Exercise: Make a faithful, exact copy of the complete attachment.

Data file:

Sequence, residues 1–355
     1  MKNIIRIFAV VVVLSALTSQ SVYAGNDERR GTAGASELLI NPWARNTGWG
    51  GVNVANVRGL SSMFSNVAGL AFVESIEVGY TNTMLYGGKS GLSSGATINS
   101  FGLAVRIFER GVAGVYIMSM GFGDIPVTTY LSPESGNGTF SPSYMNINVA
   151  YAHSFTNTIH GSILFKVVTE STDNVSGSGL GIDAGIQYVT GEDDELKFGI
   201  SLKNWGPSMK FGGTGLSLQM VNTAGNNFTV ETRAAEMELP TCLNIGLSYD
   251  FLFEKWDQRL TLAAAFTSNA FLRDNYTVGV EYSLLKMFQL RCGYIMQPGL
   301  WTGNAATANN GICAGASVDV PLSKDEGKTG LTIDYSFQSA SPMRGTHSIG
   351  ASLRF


Sequence, residues 1–355
     1  MKNIIRIFAV VVVLSALTSQ SVYAGNDERR GTAGASELLI NPWARNTGWG
    51  GVNVANVRGL SSMFSNVAGL AFVESIEVGY TNTMLYGGKS GLSSGATINS
   101  FGLAVRIFER GVAGVYIMSM GFGDIPVTTY LSPESGNGTF SPSYMNINVA
   151  YAHSFTNTIH GSILFKVVTE STDNVSGSGL GIDAGIQYVT GEDDELKFGI
   201  SLKNWGPSMK FGGTGLSLQM VNTAGNNFTV ETRAAEMELP TCLNIGLSYD
   251  FLFEKWDQRL TLAAAFTSNA FLRDNYTVGV EYSLLKMFQL RCGYIMQPGL
   301  WTGNAATANN GICAGASVDV PLSKDEGKTG LTIDYSFQSA SPMRGTHSIG
   351  ASLRF